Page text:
Tag Archives: carers

The future for social care programmes?

Last Friday I blogged on the government’s axing of the Caring with Confidence programme, and how on an initial reading it seemed to make little sense. But comments since then from care services minister Paul Burstow have explained more about the decision – and given a hint as to future policy direction.

Burstow, as reported in Community Care has justified the move to end Caring with Confidence by saying: “We were not getting value for money from the delivery. Not enough carers had been through the programme, and there was no evidence that delivery would accelerate significantly.”

Whether that is accurate or not is a moot point. But this statement may tell us more about future policy direction when it comes to social care programmes: if they can demonstrate they are providing value for money, they will be safe, if not – watch out for the axe.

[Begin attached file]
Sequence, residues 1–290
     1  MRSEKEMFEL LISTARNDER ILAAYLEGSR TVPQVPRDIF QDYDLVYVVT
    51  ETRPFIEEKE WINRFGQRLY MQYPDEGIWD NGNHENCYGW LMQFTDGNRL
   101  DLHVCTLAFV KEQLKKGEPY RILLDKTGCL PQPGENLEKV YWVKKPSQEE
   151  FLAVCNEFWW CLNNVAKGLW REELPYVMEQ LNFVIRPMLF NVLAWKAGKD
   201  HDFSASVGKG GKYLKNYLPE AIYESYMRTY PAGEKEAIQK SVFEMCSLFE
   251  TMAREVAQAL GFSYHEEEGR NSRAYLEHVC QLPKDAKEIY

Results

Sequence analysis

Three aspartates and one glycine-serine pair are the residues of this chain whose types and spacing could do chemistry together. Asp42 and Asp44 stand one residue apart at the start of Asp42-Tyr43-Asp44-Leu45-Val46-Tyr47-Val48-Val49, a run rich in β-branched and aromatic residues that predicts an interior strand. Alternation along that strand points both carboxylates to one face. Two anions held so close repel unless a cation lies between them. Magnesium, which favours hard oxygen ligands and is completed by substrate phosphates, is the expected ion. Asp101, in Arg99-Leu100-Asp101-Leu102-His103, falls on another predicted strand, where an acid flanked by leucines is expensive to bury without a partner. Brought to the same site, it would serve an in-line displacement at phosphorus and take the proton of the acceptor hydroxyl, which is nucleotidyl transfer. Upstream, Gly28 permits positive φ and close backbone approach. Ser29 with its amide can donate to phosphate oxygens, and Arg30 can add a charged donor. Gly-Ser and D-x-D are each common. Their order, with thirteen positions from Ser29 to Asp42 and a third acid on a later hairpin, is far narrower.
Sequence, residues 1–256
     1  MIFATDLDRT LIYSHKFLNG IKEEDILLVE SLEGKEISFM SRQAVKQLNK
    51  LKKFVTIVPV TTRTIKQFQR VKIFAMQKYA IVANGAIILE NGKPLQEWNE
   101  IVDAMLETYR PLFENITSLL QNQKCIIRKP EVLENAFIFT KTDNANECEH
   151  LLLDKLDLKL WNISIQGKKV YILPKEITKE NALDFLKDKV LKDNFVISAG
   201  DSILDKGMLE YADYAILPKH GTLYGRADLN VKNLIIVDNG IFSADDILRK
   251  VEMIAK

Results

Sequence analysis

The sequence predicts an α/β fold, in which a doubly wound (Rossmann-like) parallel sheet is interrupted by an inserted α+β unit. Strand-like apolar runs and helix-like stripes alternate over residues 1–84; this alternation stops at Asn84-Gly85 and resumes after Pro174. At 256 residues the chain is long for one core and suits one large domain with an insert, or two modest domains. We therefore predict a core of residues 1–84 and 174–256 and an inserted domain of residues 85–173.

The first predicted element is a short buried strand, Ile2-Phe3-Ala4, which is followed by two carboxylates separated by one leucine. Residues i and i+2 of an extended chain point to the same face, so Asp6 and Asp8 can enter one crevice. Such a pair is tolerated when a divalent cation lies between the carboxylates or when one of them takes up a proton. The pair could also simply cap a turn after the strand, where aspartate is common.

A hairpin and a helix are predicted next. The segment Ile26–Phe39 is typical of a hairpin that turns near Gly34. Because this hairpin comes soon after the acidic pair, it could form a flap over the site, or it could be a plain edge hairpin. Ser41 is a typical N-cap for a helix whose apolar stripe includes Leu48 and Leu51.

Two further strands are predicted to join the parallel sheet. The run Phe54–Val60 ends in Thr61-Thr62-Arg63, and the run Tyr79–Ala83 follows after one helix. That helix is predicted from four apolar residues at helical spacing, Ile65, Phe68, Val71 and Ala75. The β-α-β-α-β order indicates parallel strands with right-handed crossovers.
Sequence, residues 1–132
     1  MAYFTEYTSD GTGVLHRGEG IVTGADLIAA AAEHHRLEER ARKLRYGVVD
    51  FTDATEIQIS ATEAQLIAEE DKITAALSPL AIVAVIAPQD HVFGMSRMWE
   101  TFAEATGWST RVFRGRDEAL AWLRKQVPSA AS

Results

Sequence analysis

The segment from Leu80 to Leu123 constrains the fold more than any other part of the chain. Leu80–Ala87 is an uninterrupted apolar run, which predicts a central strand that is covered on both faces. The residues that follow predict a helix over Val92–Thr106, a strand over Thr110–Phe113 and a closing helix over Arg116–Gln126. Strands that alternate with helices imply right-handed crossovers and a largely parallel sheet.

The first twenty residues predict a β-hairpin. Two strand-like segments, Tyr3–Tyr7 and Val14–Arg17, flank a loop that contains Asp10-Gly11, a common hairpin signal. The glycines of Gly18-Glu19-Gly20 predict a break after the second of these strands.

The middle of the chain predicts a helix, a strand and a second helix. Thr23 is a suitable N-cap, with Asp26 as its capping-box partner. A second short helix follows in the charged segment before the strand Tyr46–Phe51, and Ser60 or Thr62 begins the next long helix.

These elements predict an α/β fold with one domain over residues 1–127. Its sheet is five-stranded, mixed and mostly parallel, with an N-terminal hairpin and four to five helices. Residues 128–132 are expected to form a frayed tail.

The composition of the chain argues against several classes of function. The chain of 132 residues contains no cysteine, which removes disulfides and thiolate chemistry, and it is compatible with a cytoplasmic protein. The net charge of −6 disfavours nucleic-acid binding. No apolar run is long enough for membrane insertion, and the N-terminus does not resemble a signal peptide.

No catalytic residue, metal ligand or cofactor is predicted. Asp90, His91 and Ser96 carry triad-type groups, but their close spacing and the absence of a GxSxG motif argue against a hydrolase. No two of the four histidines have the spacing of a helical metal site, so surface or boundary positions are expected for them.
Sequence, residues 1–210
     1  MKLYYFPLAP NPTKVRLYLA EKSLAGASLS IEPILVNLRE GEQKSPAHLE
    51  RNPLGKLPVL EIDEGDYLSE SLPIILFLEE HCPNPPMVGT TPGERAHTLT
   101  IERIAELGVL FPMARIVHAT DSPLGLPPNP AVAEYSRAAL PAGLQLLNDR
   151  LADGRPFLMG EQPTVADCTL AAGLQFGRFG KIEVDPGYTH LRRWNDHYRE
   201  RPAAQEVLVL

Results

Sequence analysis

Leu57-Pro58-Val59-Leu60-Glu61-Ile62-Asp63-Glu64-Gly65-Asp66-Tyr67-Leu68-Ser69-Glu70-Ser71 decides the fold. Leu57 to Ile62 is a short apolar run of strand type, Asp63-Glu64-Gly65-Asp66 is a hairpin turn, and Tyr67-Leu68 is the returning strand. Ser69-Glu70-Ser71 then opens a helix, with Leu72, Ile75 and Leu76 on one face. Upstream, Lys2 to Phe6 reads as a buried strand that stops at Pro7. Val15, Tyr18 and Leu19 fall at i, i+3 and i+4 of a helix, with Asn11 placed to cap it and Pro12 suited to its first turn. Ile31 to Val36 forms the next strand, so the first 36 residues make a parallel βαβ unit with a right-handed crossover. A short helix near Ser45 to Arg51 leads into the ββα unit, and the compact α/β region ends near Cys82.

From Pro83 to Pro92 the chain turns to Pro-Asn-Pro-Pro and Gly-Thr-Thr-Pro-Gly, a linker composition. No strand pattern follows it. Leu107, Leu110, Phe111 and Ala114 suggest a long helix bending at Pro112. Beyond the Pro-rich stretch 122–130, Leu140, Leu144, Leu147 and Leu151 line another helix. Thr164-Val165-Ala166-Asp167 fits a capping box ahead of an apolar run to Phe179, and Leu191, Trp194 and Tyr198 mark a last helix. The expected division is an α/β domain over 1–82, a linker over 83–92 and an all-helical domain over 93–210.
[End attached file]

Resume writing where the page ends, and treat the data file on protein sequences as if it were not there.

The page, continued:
Now, once upon a time I was a business journalist, and I used to regularly interview entrepreneurs who would explain that a project or an arm of a business had been closed because it wasn’t providing value for money. Their priority was the bottom line and if it wasn’t contributing to it, and showed little sign of doing so in the future, then it would be axed, more often than not.

That’s fair enough in business – they exist to make profits – but in social care, it is a whole different ball game.

In social care, investment in a project may not provide demonstrable fiscal returns; it is often a lot more subtle than that. For instance, how do you quantify the value for money for someone taking part in a mental health project? It may aid their recovery and wellbeing but does it provide value for money? How do you judge? Is it whether they are able to get a job at the end of it and therefore can come off benefits and start paying tax?

It’s not an easy call to make; social care projects often provide intangible benefits to those that use them, and in these cases it is generally more important than any financial returns.

In fairness to Burstow, he has added (again according to Community Care) that the money from Caring with Confidence will be reinvested in other carers’ projects, including a training programme to raise GPs’ awareness of their role in supporting carers. He has also said that Caring with Confidence materials will be available free to carers’ centres that want to carry on the work.